Thousands of migrants returned to Mexico under the Trump administration’s “Remain in Mexico” policy have given up their asylum claims, with many of them returning home, according to statistics included in a new assessment of the policy released this week by the Department of Homeland Security.
The policy, known formally as the Migrant Protection Protocols, sends migrants seeking asylum at the southern border back to Mexico for the duration of immigration proceedings. It is a cornerstone of the administration’s efforts to end “catch and release,” by which migrants are released into the U.S. while their cases are heard.
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Hearings have been held in border towns such as Laredo, Texas, where temporary courtrooms have been set up by the border and migrants are put in front of a judge via video conference.
So far, the administration has returned more than 55,000 migrants to Mexico. The assessment describes the policy as an “indispensable tool in addressing the ongoing crisis at the southern border and restoring integrity to the immigration system.” It says that it has completed almost 13,000 cases as of Oct. 21.
The new assessment, significantly, cites estimates from Customs and Border Protection (CBP) that approximately 20,000 migrants are currently being sheltered in Mexico near the U.S. border as they still seek entry to the U.S. The assessment says that number, though, suggests “a significant proportion of the 55,000 MPP returnees have chosen to abandon their claims.”
The report notes that the work of the International Organization of Migration, supported in part by the U.S. government, is helping migrants return home for free if they choose to do so. It says that as of October, almost 900 migrants have participated in that program.
The statistics put some meat on the bones of what officials have been saying for months, specifically that many of those in MPP — particularly those who do not have a legitimate asylum claim — realize that they will not be released into the interior and then just return home. Those returning migrants may then dissuade others from making the journey, reducing one of the “pull factors” bringing people north illegally.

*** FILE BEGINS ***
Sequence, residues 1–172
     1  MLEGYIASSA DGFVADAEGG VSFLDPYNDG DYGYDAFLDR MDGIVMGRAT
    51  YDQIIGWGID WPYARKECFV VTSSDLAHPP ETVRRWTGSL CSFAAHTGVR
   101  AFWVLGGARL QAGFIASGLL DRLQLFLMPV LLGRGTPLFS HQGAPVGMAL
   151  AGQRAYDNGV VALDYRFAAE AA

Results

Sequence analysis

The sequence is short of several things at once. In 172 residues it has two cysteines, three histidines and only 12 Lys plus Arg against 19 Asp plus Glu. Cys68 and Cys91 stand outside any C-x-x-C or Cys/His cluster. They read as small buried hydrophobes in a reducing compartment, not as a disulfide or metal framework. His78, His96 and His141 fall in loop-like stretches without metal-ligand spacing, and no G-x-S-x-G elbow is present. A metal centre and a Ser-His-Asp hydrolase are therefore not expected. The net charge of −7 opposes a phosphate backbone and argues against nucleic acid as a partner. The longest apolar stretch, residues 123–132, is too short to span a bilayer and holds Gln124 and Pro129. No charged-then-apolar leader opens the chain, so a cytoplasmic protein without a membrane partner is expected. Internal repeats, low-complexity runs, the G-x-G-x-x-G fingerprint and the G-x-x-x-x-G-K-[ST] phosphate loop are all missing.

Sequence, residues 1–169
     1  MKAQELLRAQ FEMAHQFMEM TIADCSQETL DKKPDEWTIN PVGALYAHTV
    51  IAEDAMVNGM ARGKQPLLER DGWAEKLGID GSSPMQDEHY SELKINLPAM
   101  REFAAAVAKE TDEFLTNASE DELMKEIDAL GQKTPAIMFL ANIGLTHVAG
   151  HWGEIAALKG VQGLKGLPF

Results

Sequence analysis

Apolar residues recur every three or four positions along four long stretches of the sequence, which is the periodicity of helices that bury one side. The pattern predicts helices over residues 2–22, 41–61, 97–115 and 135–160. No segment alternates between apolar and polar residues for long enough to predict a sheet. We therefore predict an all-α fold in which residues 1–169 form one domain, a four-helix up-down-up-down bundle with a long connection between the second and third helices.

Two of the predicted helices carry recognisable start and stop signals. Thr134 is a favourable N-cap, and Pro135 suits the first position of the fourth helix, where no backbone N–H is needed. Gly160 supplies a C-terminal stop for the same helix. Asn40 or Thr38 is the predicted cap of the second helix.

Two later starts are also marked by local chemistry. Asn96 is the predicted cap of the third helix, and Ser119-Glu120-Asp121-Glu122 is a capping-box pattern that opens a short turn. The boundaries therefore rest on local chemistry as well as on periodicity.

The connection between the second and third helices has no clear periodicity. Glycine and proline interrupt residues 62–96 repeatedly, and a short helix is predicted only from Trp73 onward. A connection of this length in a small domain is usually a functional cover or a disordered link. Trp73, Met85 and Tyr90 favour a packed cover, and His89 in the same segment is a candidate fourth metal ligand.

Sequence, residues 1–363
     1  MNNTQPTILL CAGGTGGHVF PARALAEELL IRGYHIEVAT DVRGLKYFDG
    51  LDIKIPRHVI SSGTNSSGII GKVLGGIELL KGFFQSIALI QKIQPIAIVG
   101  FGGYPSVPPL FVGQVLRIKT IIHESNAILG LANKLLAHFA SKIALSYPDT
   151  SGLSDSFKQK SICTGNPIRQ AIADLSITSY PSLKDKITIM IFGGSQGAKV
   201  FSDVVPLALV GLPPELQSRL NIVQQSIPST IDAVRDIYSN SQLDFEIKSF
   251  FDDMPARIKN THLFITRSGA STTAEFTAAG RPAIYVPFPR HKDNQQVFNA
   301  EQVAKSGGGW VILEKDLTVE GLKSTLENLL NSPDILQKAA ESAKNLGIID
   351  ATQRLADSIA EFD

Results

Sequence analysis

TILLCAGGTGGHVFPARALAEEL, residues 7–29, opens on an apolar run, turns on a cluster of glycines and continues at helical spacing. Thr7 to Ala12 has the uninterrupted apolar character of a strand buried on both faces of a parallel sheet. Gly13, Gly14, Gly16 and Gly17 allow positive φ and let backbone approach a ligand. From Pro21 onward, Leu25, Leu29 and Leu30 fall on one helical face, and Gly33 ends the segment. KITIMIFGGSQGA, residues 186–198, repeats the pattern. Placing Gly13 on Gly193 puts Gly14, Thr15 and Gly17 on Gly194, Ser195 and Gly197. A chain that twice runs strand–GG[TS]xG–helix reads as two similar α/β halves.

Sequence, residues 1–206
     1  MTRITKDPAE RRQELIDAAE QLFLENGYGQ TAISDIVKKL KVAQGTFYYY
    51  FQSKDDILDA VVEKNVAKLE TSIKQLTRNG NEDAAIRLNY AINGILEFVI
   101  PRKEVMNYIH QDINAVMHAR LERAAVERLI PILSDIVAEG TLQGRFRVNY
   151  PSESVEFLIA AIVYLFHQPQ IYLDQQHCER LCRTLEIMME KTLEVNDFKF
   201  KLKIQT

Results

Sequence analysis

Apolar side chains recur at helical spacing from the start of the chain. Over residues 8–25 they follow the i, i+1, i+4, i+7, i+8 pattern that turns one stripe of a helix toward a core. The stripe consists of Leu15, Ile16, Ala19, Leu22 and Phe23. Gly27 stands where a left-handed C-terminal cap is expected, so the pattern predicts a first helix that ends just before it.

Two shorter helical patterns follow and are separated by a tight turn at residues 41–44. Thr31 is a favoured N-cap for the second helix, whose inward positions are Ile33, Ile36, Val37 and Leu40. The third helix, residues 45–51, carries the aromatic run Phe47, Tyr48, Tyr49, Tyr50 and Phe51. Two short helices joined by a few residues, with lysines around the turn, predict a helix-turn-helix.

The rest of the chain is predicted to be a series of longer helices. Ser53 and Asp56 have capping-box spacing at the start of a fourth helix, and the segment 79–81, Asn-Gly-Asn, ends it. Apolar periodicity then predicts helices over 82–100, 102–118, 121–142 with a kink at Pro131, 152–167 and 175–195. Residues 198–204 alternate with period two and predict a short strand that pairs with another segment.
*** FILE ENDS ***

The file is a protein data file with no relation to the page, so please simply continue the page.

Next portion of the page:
“We’re now sending the message that, if you’re coming here as an economic migrant, you’re not going to be allowed into the United States,” Acting CBP Commissioner Mark Morgan, who has called MPP a “game-changer,” told reporters this month. “That’s driving a lot of people to return.”
The MPP policy has been one of the most effective parts of the administration’s crackdown on asylum seekers and illegal immigration, but also one of the most controversial. Critics claim that migrants are being sent into camps with squalid conditions, and are also at risk of violence from cartels.
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“Not only does this policy do nothing to protect either migrants or U.S. interests, but we have grave concerns about its legality, recent efforts to expand it, and the dangerous conditions it forces asylum seekers to endure while waiting for their cases to be heard,” said a letter from two dozen Senate Democrats sent in August to Secretary of State Mike Pompeo and Acting DHS Secretary Kevin McAleenan.
But administration officials have said that it allows for cases to be processed expeditiously, with initial hearings normally within a few months.
“MPP returnees with meritorious claims can be granted relief or protection within months, rather than remaining in limbo for years while awaiting immigration court proceedings in the United States,” the assessment says.
In terms of the interests of American citizens, the administration has claimed it has been key in the sharp decline of migrant apprehensions at the border, which have fallen by more than 60 percent since the highs in May.
MPP was initially set up in January, but was expanded over the summer amid a new agreement with the Mexican government established in June. The U.S. has been seeking to continue to expand the policy since then.
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This week, DHS announced that it had also begun processing migrants under MPP in Eagle Pass, Texas — bringing to six the total number of ports of entry where MPP is underway.
“We are confident in the program’s integrity and ability to adjudicate asylum claims quickly and with all due process, McAleenan said in a statement. “We have already seen individuals granted asylum, and many more fraudulent or non-meritorious cases closed. MPP has been – and remains – an essential part of these efforts.”